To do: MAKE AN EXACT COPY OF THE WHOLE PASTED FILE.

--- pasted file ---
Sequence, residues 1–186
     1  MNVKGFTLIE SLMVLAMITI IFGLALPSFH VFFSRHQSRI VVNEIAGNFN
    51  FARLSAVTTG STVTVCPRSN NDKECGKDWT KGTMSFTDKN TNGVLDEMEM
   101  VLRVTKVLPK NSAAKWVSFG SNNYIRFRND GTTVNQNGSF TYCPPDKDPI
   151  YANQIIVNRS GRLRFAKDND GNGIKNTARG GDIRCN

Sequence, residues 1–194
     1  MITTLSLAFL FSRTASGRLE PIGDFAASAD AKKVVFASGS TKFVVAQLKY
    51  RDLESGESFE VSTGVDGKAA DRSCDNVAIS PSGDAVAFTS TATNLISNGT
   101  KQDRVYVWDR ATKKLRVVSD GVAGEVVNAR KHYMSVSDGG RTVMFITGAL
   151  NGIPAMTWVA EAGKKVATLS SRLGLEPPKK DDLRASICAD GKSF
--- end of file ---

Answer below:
Sequence, residues 1–186
     1  MNVKGFTLIE SLMVLAMITI IFGLALPSFH VFFSRHQSRI VVNEIAGNFN
    51  FARLSAVTTG STVTVCPRSN NDKECGKDWT KGTMSFTDKN TNGVLDEMEM
   101  VLRVTKVLPK NSAAKWVSFG SNNYIRFRND GTTVNQNGSF TYCPPDKDPI
   151  YANQIIVNRS GRLRFAKDND GNGIKNTARG GDIRCN

Sequence, residues 1–194
     1  MITTLSLAFL FSRTASGRLE PIGDFAASAD AKKVVFASGS TKFVVAQLKY
    51  RDLESGESFE VSTGVDGKAA DRSCDNVAIS PSGDAVAFTS TATNLISNGT
   101  KQDRVYVWDR ATKKLRVVSD GVAGEVVNAR KHYMSVSDGG RTVMFITGAL
   151  NGIPAMTWVA EAGKKVATLS SRLGLEPPKK DDLRASICAD GKSF